Blast from the Past #3: My Querying

This blog post originally appeared on Dec. 17th, 2007:

Black Hole

My early queries had roughly the same gravitational suckage force as this space anomaly.

The following is a query I sent before getting help from Kristin Nelson. It’s a bit painful for me to post this, because it sucks like a black hole, but sometimes we learn from mistakes and it’s more fun to learn from other people’s mistakes than from our own, unless of course, we’re learning what a mistake it is to eat deep-fried brownie sundaes off the naked bodies of beautiful people, which is a mistake I probably wouldn’t mind making if the ice cream was vegan:

Dear Ms. {Agent},

As a big fan of Jonathan Safran Foer and Colson Whitehead, I am hopeful my completed literary novel, The Merchant’s Son, will be a good fit with your agency. I am including the first five pages below.

When Caleb Cross’s best friend returns from adventuring in South America, he brings Caleb an old book as a souvenir. Caleb fails to notice the book is cursed. A few months later, Caleb’s friend walks into a Mega-Mart in a suit of armor, slices apart an Olsen Twins Make-Up Kit display and gets shot in the helm for his troubles. Caleb blames himself. He drives into a line of parked cars. As Caleb is being busted out of the hospital by a silver-haired stalker who claims to be Caleb’s real father and who has been anonymously mailing Caleb tarot cards, the cursed book starts chatting.

This is, of course, all part of an elaborate plan by Caleb’s interfering mother to help him learn to see the world as it truly is.

The Merchant’s Son is a tragic story about the stories we tell ourselves and the identities that imprison us. It’s about sacrifice and atonement, the troubles of the world, prophecy, and open rebellion.

—–

Alright, so it’s not the worst travesty of querying ever committed, but it certainly didn’t get me an invitation to submit.

Then Kristin helped, pointing out, among other things, that if you’re trying to sell a somewhat funny book, you should try to be at least a little bit funny in the query.

This next letter is the one that eventually got me my agent (and a close cousin of this letter got a request for the full manuscript after I’d already signed with my agent–yes, it sometimes takes 6 months to hear back when you query):

Dear Stalwart Query Reader at Levine Greenberg,

Given your agency’s representation of Lawrence Douglas and Gayle Brandeis, I am hopeful you will enjoy my novel, The Merchant’s Son. The novel, which is just over 100,000 words, should appeal to fans of Christopher Moore, Dave Eggers, and Jonathan Safran Foer.

In an effort to cure his normally cheerful best friend of a troublesome spot of depression, Caleb Cross gets said friend shot in the head. Caleb must now cure his best friend of a coma. If only his interfering mother, ex-CIA-agent-turned-Shaman-of-the-Sacred-Owl-Tribe father, biblical nymphomaniac mentor, and Amazon-witch-queen-wannabe girlfriend would stay out of his way, he might succeed. Of course, that’s all assuming he survives the murderous plots of a talking book with a homicidal streak and a love of irony. The Merchant’s Son is about friendship and the search for God, virtual romance and Shakespearean porn, the need for revolution against corporatocracy and the consequences of tearing up a Mega-Mart with a broadsword. Well, it’s like that anyway, but funny.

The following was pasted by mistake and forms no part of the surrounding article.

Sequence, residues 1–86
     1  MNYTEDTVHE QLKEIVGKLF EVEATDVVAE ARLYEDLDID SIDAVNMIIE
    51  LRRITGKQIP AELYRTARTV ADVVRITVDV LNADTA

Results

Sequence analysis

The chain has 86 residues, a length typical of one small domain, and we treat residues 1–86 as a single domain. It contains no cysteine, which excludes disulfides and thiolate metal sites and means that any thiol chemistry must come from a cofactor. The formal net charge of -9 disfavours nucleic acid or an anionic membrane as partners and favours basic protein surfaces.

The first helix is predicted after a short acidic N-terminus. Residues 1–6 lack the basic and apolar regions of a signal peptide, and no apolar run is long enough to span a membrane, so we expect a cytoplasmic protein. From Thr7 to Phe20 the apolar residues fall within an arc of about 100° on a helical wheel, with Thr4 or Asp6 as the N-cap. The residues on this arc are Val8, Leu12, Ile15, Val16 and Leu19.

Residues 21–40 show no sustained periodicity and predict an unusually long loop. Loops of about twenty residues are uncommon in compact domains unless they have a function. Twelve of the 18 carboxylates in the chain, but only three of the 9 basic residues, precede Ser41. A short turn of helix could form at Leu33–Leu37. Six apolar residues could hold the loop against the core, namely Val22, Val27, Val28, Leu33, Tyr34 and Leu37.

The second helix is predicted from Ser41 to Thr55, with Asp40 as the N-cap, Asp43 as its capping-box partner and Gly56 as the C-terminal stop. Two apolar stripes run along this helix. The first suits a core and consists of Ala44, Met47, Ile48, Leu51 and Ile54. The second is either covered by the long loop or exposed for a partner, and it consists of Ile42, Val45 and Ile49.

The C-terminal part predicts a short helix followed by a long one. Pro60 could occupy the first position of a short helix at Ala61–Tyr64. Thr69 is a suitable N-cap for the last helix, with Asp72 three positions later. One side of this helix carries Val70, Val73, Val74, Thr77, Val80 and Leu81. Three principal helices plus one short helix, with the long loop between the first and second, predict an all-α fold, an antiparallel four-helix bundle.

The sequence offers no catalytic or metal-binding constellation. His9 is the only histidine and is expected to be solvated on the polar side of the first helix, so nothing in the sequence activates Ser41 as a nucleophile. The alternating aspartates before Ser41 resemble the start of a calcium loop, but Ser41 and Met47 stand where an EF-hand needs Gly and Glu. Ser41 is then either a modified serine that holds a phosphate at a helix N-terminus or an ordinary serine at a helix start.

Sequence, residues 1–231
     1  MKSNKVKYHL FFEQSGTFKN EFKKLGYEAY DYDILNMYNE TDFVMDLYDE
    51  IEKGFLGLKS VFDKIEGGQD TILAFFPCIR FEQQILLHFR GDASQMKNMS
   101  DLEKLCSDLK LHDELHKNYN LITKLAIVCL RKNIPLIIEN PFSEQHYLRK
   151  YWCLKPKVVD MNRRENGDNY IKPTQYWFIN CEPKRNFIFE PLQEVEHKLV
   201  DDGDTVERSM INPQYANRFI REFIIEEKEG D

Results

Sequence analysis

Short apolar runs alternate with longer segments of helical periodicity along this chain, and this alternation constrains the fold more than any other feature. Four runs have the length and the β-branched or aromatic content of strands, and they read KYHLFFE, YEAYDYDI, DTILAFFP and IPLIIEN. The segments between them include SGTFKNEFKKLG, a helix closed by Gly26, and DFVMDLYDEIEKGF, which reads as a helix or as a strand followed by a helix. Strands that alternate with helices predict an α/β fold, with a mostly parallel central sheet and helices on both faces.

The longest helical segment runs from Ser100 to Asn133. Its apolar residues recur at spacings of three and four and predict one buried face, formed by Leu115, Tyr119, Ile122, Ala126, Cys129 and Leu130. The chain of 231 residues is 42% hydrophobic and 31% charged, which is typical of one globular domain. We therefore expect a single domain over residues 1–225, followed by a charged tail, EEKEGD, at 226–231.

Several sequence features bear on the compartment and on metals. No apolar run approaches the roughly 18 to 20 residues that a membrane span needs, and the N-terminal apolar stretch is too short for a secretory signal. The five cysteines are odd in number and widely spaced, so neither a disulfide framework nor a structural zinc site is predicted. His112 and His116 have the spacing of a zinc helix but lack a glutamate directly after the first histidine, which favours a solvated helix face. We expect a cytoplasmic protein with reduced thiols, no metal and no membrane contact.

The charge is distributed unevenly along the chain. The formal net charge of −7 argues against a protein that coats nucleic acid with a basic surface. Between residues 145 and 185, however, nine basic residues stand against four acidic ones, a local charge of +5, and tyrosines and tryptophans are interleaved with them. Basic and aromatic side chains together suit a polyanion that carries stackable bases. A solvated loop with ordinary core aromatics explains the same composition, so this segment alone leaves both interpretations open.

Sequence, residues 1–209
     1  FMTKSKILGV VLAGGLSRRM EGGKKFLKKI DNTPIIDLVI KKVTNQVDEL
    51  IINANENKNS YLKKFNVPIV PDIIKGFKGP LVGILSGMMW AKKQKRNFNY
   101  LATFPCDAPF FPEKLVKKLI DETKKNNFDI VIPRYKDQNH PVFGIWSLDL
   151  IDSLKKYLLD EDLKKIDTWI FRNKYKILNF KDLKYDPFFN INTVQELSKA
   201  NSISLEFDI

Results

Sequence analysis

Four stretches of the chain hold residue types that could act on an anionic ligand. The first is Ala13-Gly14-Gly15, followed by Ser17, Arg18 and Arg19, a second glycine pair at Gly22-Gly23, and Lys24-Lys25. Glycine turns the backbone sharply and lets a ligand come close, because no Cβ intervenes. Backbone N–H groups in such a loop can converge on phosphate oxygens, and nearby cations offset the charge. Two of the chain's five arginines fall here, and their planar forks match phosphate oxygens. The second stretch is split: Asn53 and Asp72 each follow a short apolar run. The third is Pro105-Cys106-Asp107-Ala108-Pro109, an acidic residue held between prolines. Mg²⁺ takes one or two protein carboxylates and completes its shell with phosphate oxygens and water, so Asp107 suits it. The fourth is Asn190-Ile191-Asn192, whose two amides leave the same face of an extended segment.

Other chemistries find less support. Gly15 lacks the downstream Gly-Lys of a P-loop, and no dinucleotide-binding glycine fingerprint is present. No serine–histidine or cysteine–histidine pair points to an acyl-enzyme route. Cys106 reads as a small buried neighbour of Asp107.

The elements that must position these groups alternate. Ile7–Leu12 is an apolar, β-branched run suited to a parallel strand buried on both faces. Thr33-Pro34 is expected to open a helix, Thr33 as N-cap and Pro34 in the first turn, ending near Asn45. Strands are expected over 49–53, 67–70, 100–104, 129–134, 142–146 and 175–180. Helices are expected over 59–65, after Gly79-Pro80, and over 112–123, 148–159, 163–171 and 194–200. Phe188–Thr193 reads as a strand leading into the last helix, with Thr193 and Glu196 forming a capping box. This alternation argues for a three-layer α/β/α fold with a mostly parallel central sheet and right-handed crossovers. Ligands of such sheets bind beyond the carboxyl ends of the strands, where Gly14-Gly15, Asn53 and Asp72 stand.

—–

As I’ll describe in an entry later this week, a few months and several rejections happened before I actually got my first yes, so I revamped the letter once more. This last query (like the others) isn’t brilliant, but it did get me a couple of requests for partials (both of which led to requests for the full thing, and both of which I had to withdraw when I signed with my agent).

Dear Ms. {Agent},

I hope you’ll be interested in my humorous literary novel, “The Merchant’s Son.” Complete at 100,000 words, my novel should appeal to fans of Christopher Moore, Jonathan Safran Foer, and Jorge Luis Borges.

A cursed, talking book might very well be trying to kill Caleb Cross. At the same time, the love of Caleb’s life has decided she finally wants to commit to him. Unfortunately, she’s only ready to settle down in a virtual world, and only with someone she thinks is a wealthy and athletic globetrotting stockbroker from New York City. Caleb is not wealthy. He does not globetrot. Rather, he lives in a ramshackle one-bedroom in Denver and struggles constantly to overcome his costly addiction to starting non-profit organizations. When Caleb’s normally effervescent best friend, Bigger Falkirk, returns from a South American adventure with a spot of the blues, Caleb decides the one thing he can do right in his life is to help his friend get his groove back. Soon enough, Caleb gets Bigger shot in the head. Caleb must now cure his buddy of a coma, assuming the talking book and Caleb’s virtual lies don’t catch up to him first.

I live in Colorado with my wife and daughter. I first published poetry in small literary magazines when I was 12 and then decided to take a short cut to literary superstardom and write a novel. Eighteen years and eighteen thousand attempts later, I’m beginning to suspect this wasn’t the shortest of short-cuts. Nonetheless, I hope you enjoy.

P.S. If you’d like a brief sample of the writing, please read on:

—-

Anyway…I hope that all this shows you don’t have to write a perfect, shining query to get an agent. You merely have to write something that piques their interest. And keep sending until you find one kind enough to request your stuff. Later this week, I’ll describe in more detail how my query process went.

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